John Kerry: ‘Way past time to get real’ on climate action

By Sara Schonhardt | 09/21/2023 07:01 AM EDT

The U.S. climate envoy spoke with E&E News amid a dizzying week of climate meetings in New York City.

U.S. climate envoy John Kerry.

U.S. climate envoy John Kerry speaks Tuesday during the Clinton Global Initiative in New York. Julia Nikhinson/AP Photo

NEW YORK — The world needs to get realistic about what it’s going to take to combat global warming, U.S. climate envoy John Kerry said Wednesday. And that means recognizing fossil fuel emissions are the primary source of the problem.

“It’s time to get real here,” Kerry told E&E News in an interview. “I mean, it’s way past time to get real.”

The former secretary of State was in New York City for a dizzying week of climate meetings, including a special summit organized by U.N. Secretary-General António Guterres to coincide with the latest U.N. General Assembly session.


Guterres’ aim: Drum up support for a phase-out of oil, gas and coal and get governments, businesses and financial institutions to pool more money to aid the climate vulnerable — and do it all much, much faster.

It’s an approach that has Kerry’s support, at least broadly. Kerry attended the climate summit’s morning session in lieu of President Joe Biden, who had other obligations Wednesday. Those included a conversation with Israel’s Prime Minister Benjamin Netanyahu and a meeting with Brazilian President Luiz Inácio Lula da Silva.

Climate change “is a fossil fuel problem,” Kerry said. Because of that, the solutions are straightforward, albeit difficult. “We have to either capture the emissions or don’t make them,” he said. “One of the two things.”

The growing, global call for real, concerted action comes as humanity continues to pump planet-warming emissions into the atmosphere. World leaders have taken some modest steps to address the problem, but not enough. Starting in November, they will meet in the United Arab Emirates to try and agree on a path forward that keeps global temperatures within a range that’s safe for humanity.

The one-day climate summit this week in New York was one step in that process.

During morning speeches, leaders from developed nations highlighted action they were taking on renewables or to deliver much-needed finance to help developing countries respond to the impacts of global warming. Developing countries emphasized the climate damages they already have endured, and they underscored the need for money and support to address those impacts. Not everyone in the room spoke, including Kerry.

Some officials brought new pledges. Some didn’t.

After throwing her support behind a push to triple renewable energy and double its efficient use, European Commission President Ursula von der Leyen emphasized the importance of setting such targets.

“We need these global goals because only what gets measured gets done,” she said.

The ramp-up of renewables is part of a plan from the incoming president of this year’s COP28 climate talks in the United Arab Emirates, a major oil and gas producer. The G20 also recently endorsed those targets — though they failed to back a fossil fuel phase-out that many leaders and climate activists say needs to coincide with a shift to cleaner energy.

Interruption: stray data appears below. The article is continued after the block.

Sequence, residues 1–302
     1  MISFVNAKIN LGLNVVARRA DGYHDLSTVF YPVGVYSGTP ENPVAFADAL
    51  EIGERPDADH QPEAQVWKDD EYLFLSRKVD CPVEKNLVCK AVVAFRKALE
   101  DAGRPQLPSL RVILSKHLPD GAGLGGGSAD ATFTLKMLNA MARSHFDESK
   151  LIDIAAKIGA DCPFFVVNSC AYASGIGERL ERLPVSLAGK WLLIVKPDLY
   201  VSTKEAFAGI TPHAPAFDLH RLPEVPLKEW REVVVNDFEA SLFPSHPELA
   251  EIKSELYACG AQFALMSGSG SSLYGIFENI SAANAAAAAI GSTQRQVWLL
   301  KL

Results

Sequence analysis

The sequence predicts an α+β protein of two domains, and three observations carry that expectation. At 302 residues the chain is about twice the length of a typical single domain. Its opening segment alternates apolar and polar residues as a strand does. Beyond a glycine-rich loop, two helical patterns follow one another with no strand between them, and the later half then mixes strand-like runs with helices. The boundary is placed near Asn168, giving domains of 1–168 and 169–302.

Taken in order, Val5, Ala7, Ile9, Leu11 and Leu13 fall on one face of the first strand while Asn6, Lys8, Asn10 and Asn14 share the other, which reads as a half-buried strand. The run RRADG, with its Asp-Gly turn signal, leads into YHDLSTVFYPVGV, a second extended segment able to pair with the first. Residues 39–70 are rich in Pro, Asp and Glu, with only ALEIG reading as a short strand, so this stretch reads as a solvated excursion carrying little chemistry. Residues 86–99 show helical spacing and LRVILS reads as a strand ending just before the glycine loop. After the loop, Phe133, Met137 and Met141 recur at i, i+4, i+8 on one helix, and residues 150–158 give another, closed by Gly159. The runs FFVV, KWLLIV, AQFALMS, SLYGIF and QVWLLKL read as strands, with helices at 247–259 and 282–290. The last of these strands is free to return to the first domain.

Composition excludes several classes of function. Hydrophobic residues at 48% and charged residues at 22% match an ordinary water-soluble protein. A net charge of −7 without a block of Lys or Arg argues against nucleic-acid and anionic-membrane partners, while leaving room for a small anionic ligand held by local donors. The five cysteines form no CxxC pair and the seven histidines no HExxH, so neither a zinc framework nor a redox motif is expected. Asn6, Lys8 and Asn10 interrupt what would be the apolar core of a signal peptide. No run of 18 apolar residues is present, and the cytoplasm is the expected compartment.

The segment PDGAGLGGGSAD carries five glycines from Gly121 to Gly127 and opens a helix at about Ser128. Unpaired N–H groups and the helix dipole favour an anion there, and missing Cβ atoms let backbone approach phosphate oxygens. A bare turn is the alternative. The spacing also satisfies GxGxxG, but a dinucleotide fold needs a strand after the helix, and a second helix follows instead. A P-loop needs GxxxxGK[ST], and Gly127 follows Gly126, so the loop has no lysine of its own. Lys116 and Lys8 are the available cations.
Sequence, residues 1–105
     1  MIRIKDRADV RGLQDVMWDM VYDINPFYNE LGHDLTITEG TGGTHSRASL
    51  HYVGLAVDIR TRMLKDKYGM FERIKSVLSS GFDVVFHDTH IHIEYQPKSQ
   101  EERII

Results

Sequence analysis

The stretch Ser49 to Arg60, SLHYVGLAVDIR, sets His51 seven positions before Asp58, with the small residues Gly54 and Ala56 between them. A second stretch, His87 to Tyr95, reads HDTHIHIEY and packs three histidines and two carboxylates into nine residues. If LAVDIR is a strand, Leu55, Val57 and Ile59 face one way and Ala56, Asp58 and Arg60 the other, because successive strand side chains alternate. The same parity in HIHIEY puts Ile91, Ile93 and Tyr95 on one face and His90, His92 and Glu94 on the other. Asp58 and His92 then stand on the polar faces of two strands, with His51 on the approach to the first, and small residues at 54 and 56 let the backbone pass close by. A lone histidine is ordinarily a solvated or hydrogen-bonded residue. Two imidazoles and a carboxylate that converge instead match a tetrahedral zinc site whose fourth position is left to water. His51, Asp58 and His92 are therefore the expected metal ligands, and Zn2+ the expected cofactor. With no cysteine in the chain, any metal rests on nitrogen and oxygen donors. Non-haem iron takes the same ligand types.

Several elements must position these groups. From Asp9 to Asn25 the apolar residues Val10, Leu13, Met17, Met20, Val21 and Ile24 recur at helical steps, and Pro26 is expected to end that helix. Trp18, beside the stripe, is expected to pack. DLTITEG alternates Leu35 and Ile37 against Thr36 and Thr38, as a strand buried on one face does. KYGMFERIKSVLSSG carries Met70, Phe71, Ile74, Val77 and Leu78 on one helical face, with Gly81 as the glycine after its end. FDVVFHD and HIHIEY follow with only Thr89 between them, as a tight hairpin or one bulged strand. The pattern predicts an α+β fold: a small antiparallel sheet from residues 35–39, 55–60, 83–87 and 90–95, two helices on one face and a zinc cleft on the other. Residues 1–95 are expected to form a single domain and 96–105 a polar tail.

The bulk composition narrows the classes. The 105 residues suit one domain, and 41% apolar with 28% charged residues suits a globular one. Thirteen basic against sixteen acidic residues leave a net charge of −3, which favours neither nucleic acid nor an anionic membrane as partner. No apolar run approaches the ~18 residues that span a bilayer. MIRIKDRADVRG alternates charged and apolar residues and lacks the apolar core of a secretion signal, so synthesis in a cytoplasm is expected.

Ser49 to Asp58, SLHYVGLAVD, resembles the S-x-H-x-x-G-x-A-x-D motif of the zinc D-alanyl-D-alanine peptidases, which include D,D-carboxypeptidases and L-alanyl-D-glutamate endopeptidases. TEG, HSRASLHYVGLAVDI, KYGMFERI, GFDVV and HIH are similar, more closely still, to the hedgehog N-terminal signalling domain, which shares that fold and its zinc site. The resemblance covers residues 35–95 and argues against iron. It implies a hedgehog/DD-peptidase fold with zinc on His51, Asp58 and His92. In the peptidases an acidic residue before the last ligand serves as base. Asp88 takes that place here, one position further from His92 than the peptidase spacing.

At the close of Wednesday’s summit, Sultan Ahmed al-Jaber, the president of COP28 and head of the Abu Dhabi National Oil Co., outlined key parts of his presidency’s agenda.

“We are going after gigatons, and we need everyone to come on board,” he said, referring to the amount of emissions that need to be cut to hold temperatures to the Paris Agreement’s aim of 1.5 degrees Celsius. “The phase-down of fossil fuels is inevitable. In fact, it is essential,” he added, drawing on contentious language that appeared in the agreement following climate talks in Scotland in 2021.

Participants also delivered a summary of takeaways, much of which centered on the need to work together. But international collaboration has proven challenging in a world fraught with geopolitical rivalries and tensions over who bears the greatest responsibility for action.

Kerry saluted Guterres for galvanizing people, “constantly prodding” and being ahead of the curve. “I think he’s been a terrific voice on this,” he said.

But Kerry said bilateral diplomacy also has its benefits. He hinted that the meeting he and Biden had with the Brazilian president could provide an opportunity ”to get some big things done” on the Amazon, a vast rainforest capable of sucking in tons of emissions if protected from burning and rampant deforestation.

Biden wasn’t the only U.S. official with notable meetings this week. Kerry also held conversations with Chinese Vice President Han Zheng on Tuesday that he called “constructive” without getting into details about where that leaves climate cooperation between the world’s two largest emitters.

“We hope that we can have some conversations that are going to be substantive and forward-leaning,” he said. “But there’s a lot at play right now.”